Our ECE department has a rich history of exemplary theoretical teaching, with a strong emphasis on research, but undergraduate students felt a void in how to apply that knowledge into engineering practice, especially in future careers. This is why in recent years we have strongly focused on experiential learning in all four years of the undergraduate experience. We developed courses for entering freshmen and capstones for graduating seniors, but we did not have anything for students in the heart of their university experience, particularly for those uncertain of their future aspirations. This was a driving force behind the formation of this course. The goal of the class was, and still is, to offer undergraduates experience with real-world data, teach them to work with a complete system, and provide them a contextual basis in which to apply their theoretical knowledge. This goal was established after careful consultation with our corporate affiliates and alumni. As a result, the course today has students build a fitness wearable from first principles. During the journey, they attain foundational Python software development skills and are exposed to many facets of ECE curriculum. In their final project, they repurpose their wearable to address a new, unrelated problem so as to be challenged to be critical thinkers working on open-ended problems – a highly sought-after skill by employers we surveyed.

Due to the modular, often self-paced nature of the course, it has had a serendipitous outcome during the pandemic – namely, while being a highly hands-on course, it actually works extremely well in settings of remote instruction. Feedback from students has been surprisingly positive as they have had to work on their project kits from their homes rather than in the lab setting. Since much of their instruction in their other classes has shifted to lectures offered via video conferencing software, any opportunity to actually work with their hands has led to marked excitement and eagerness to participate in class, as has been directly observed by us.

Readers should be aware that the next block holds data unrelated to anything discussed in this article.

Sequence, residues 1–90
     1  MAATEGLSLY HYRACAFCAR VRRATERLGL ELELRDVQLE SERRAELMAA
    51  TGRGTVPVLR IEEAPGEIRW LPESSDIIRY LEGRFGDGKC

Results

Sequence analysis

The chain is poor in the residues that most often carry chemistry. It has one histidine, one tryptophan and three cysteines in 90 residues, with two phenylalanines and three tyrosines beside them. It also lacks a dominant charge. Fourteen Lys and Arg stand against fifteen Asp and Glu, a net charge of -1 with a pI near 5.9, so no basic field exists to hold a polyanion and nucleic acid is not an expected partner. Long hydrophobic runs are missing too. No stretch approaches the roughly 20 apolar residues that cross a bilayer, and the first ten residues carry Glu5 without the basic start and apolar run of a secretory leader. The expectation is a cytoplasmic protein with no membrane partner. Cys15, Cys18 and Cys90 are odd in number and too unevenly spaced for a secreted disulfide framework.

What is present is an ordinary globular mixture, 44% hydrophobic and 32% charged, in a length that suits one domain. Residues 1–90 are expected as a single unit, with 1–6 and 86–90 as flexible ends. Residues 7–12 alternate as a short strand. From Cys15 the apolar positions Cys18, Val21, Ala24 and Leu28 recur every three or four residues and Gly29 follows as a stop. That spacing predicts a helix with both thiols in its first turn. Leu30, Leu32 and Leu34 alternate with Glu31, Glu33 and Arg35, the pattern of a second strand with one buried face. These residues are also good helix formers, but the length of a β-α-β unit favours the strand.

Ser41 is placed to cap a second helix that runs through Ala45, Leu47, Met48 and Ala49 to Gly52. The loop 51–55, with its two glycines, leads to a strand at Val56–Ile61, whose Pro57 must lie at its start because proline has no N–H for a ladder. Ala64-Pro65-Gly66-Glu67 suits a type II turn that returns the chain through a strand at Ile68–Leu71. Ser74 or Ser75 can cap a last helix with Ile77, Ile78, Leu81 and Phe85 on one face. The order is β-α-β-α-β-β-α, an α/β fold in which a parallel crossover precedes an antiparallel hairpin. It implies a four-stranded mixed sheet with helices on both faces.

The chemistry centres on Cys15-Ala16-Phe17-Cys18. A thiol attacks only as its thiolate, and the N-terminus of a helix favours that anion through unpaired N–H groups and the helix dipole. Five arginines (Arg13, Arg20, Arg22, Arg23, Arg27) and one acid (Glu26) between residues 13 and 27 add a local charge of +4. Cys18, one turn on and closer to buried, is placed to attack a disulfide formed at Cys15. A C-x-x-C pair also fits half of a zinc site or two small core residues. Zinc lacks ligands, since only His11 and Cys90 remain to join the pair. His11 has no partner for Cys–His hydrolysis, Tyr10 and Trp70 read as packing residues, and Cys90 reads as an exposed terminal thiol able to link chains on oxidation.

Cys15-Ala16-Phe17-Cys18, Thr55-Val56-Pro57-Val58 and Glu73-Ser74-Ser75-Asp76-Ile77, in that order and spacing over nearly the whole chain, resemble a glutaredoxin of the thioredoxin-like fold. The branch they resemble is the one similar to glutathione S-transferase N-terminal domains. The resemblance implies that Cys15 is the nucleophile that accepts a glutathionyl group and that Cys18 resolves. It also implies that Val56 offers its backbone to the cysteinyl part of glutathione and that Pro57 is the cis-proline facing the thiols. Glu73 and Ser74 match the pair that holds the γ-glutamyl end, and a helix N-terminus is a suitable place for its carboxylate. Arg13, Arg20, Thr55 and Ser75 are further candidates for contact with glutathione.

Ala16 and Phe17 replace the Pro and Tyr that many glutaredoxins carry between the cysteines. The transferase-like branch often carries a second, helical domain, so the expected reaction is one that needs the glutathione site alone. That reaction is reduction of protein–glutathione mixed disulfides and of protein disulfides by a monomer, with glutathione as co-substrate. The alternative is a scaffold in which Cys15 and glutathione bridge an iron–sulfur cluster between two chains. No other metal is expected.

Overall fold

The focus of this paper will be to breakdown the course curriculum, demonstrate how it offers students a unique learning experience, and illustrate the effectiveness of the material even during remote instruction.

Khoshabeh, R., & Gilja, V. (2021, July), Teaching System Design in Experiential Learning: Building a Fitness Wearable at Home Paper presented at 2021 ASEE Virtual Annual Conference Content Access, Virtual Conference. https://peer.asee.org/37825

ASEE holds the copyright on this document. It may be read by the public free of charge. Authors may archive their work on personal websites or in institutional repositories with the following citation: © 2021 American Society for Engineering Education. Other scholars may excerpt or quote from these materials with the same citation. When excerpting or quoting from Conference Proceedings, authors should, in addition to noting the ASEE copyright, list all the original authors and their institutions and name the host city of the conference. - Last updated April 1, 2015